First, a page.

War of the Rebellion: Serial 029 Page 0377 Chapter XXXII. THE STONE'S RIVER CAMPAIGN.

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Chief of Staff:

The last semi-weekly return of effective force before the battle of Stone's River, dated December 24, shows as follows, to wit:

Rousseau's division....................303 + 5,883 = 6,186

Negley's division......................212 + 5,284 = 5,496



General Negley's report of the actual force engaged shows a deficiency of 664. This deficiency is in cavalry, which had been assigned to General Stanley between the 24th and 31st of December. I shall certainly hold my officers responsible for all reports differing from the above. The supposition was that the whole effective force was engaged. Please send me the reports showing the discrepancy.

Very respectfully,


Major-General, U. S. Volunteers, Commanding.

No. 63. Report of Major-General Lovell H. Rousseau, U. S. Army, commanding First Division.

NASHVILLE, TENN., January 11, 1863.

SIR: I have the honor to report the part taken by my command, the Third Division of the army, in the battle of Murfreesborough, begun on the 31st ultimo and ended on the 3rd instant.

Early on the morning of the 30th ultimo, in obedience to the order of General Thomas, my division moved forward toward Murfreesborough from Stewartsborough, on the Nashville and Murfreesborough turnpike, about 9 miles from the latter place. On the march forward, several dispatches from General Rosecrans reached me, asking exactly where my command was and the hour and minute of the day. In consequence, we moved rapidly forward, halting but once, and that for only five minutes. About 10.30 a.m. we reached a point 3 miles from Murfreesborough, where Generals Rosecrans and Thomas were, on the Nashville and Murfreesborough turnpike, and remained during the day and bivouacked at night.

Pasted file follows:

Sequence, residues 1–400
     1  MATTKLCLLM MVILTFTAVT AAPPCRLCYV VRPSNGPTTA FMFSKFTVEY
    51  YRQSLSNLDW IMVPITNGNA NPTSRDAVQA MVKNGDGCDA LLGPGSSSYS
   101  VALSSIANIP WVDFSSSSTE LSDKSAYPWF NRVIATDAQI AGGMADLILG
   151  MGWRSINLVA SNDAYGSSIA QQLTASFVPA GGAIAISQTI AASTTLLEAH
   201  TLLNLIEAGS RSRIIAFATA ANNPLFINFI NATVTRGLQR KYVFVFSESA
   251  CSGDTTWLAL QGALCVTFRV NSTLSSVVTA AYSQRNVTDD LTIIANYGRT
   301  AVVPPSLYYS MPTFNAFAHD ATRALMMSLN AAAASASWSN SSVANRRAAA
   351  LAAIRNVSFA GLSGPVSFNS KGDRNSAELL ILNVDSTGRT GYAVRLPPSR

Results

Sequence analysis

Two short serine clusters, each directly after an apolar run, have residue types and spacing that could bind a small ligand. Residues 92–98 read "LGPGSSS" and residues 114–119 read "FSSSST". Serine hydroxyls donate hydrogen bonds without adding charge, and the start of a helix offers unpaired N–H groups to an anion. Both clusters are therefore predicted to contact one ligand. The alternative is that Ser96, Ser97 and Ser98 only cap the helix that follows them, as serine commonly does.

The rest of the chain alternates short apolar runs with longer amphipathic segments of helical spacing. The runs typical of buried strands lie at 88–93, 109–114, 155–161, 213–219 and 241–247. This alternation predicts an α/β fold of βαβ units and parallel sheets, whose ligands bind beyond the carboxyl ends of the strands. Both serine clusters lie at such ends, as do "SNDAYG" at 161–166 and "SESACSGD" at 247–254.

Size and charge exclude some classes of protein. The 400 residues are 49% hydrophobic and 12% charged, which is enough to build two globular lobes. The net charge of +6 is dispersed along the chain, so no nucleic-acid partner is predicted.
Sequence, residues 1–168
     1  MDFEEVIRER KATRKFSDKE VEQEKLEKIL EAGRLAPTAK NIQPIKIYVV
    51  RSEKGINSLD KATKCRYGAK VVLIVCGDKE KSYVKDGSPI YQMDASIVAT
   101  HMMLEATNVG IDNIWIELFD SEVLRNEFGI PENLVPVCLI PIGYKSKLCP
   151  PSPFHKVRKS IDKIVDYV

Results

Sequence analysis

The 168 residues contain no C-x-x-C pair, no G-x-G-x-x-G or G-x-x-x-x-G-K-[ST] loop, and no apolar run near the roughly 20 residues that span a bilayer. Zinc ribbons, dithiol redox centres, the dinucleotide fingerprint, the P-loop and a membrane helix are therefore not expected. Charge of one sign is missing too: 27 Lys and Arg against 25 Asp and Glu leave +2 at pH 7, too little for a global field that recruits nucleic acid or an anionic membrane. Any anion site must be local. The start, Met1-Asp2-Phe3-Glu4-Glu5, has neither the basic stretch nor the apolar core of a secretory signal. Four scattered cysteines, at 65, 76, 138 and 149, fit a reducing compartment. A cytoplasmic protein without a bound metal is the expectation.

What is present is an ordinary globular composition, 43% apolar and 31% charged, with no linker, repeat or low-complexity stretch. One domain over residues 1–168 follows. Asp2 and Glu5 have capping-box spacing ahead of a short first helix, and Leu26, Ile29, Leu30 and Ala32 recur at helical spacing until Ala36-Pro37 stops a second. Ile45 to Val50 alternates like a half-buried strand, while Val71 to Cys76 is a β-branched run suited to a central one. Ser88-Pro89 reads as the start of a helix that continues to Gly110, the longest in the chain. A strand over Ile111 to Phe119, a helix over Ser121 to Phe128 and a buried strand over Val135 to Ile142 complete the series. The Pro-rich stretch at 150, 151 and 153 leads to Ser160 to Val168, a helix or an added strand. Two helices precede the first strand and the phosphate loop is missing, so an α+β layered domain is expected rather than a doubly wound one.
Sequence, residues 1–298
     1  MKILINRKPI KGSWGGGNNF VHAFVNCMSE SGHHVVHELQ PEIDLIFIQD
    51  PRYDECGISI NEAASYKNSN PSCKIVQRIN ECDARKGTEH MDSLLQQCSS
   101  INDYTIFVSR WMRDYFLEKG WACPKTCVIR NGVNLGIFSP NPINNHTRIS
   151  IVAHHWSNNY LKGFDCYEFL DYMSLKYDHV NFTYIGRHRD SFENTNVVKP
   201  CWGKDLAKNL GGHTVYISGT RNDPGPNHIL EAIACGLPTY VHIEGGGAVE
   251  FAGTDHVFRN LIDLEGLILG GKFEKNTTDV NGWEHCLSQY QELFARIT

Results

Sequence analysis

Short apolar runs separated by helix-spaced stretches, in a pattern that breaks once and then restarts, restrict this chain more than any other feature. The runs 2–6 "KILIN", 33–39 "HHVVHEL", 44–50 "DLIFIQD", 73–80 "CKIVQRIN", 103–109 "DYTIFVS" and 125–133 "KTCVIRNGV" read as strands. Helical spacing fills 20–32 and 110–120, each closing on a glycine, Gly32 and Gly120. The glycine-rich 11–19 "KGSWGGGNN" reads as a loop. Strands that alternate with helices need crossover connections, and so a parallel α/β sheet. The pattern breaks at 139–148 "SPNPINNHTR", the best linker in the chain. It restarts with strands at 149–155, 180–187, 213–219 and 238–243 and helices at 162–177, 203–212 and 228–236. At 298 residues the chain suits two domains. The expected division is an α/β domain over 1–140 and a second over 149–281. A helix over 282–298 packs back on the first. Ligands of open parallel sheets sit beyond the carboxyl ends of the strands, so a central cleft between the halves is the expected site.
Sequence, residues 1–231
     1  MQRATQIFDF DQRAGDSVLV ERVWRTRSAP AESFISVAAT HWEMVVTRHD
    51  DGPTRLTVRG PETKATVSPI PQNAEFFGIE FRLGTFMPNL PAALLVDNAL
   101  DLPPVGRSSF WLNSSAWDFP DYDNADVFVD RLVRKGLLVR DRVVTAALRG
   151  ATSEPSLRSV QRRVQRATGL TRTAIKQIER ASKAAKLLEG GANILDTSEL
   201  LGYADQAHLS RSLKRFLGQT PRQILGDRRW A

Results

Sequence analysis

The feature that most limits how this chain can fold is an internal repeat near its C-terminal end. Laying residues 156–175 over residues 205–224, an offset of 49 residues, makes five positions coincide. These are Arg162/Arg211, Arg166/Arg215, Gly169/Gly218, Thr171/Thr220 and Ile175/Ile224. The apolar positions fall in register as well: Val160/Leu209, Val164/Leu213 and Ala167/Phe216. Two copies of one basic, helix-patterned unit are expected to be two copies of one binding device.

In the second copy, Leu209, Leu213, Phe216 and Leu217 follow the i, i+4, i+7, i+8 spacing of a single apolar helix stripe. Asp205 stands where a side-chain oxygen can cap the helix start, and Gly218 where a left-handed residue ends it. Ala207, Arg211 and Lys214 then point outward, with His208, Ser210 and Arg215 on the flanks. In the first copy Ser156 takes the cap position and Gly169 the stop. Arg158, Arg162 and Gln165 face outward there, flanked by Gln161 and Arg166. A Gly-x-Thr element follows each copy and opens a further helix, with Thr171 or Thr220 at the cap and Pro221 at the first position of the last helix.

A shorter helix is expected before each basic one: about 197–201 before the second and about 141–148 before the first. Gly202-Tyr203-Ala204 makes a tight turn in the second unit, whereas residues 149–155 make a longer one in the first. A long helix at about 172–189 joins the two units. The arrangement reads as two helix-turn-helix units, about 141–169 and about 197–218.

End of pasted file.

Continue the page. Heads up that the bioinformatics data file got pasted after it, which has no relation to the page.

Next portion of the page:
At about 9 a.m. on the 31st, the report of artillery and heavy firing of small-arms on our right announced that the battle had begun, by an attack on the right wing, commanded by Major-General McCook. It was not long before the direction from which the firing came indicated that General McCook's command had given way and was yielding ground to the enemy. His forces seemed to swing around toward our right and rear. At this time General Thomas ordered me to advance my division quickly to the front, to the assistance of General McCook.

On reaching the right of General Negley's line of battle, General Thomas there directed me to let my left rest on his right, and deploy my division off toward the right as far as I could, so as to resist the pressure on General McCook. We consulted and agreed as to where the line should be formed. This was in a dense cedar brake, through which my troops marched in double-quick time, to get into position